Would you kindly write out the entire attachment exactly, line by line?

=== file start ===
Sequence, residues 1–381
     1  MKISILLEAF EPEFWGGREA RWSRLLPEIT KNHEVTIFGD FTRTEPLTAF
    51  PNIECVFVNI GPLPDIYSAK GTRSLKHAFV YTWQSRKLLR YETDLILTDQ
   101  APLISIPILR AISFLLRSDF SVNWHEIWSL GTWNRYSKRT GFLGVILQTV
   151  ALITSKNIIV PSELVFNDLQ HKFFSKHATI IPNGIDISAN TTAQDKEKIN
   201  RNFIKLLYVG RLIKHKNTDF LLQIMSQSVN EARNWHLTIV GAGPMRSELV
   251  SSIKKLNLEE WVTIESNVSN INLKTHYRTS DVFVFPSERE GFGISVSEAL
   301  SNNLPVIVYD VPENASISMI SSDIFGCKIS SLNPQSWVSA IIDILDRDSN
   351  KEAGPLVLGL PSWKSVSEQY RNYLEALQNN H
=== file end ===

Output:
Sequence, residues 1–381
     1  MKISILLEAF EPEFWGGREA RWSRLLPEIT KNHEVTIFGD FTRTEPLTAF
    51  PNIECVFVNI GPLPDIYSAK GTRSLKHAFV YTWQSRKLLR YETDLILTDQ
   101  APLISIPILR AISFLLRSDF SVNWHEIWSL GTWNRYSKRT GFLGVILQTV
   151  ALITSKNIIV PSELVFNDLQ HKFFSKHATI IPNGIDISAN TTAQDKEKIN
   201  RNFIKLLYVG RLIKHKNTDF LLQIMSQSVN EARNWHLTIV GAGPMRSELV
   251  SSIKKLNLEE WVTIESNVSN INLKTHYRTS DVFVFPSERE GFGISVSEAL
   301  SNNLPVIVYD VPENASISMI SSDIFGCKIS SLNPQSWVSA IIDILDRDSN
   351  KEAGPLVLGL PSWKSVSEQY RNYLEALQNN H